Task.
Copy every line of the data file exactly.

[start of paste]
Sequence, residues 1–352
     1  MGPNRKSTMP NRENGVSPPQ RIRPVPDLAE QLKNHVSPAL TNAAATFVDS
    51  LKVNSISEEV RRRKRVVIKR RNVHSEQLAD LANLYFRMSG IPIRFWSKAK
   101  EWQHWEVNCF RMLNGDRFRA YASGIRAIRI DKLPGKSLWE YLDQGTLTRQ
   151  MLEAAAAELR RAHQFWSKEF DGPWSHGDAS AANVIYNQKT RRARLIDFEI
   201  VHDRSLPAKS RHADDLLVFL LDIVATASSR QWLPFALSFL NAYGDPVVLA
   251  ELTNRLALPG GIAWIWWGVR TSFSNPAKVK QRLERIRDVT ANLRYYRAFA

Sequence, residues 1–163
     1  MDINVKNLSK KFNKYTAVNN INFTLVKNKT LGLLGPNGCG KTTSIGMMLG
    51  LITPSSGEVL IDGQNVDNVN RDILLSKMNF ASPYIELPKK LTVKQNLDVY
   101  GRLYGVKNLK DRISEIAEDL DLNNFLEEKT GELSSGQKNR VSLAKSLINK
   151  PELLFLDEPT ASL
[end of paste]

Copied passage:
Sequence, residues 1–352
     1  MGPNRKSTMP NRENGVSPPQ RIRPVPDLAE QLKNHVSPAL TNAAATFVDS
    51  LKVNSISEEV RRRKRVVIKR RNVHSEQLAD LANLYFRMSG IPIRFWSKAK
   101  EWQHWEVNCF RMLNGDRFRA YASGIRAIRI DKLPGKSLWE YLDQGTLTRQ
   151  MLEAAAAELR RAHQFWSKEF DGPWSHGDAS AANVIYNQKT RRARLIDFEI
   201  VHDRSLPAKS RHADDLLVFL LDIVATASSR QWLPFALSFL NAYGDPVVLA
   251  ELTNRLALPG GIAWIWWGVR TSFSNPAKVK QRLERIRDVT ANLRYYRAFA

Sequence, residues 1–163
     1  MDINVKNLSK KFNKYTAVNN INFTLVKNKT LGLLGPNGCG KTTSIGMMLG
    51  LITPSSGEVL IDGQNVDNVN RDILLSKMNF ASPYIELPKK LTVKQNLDVY
   101  GRLYGVKNLK DRISEIAEDL DLNNFLEEKT GELSSGQKNR VSLAKSLINK
   151  PELLFLDEPT ASL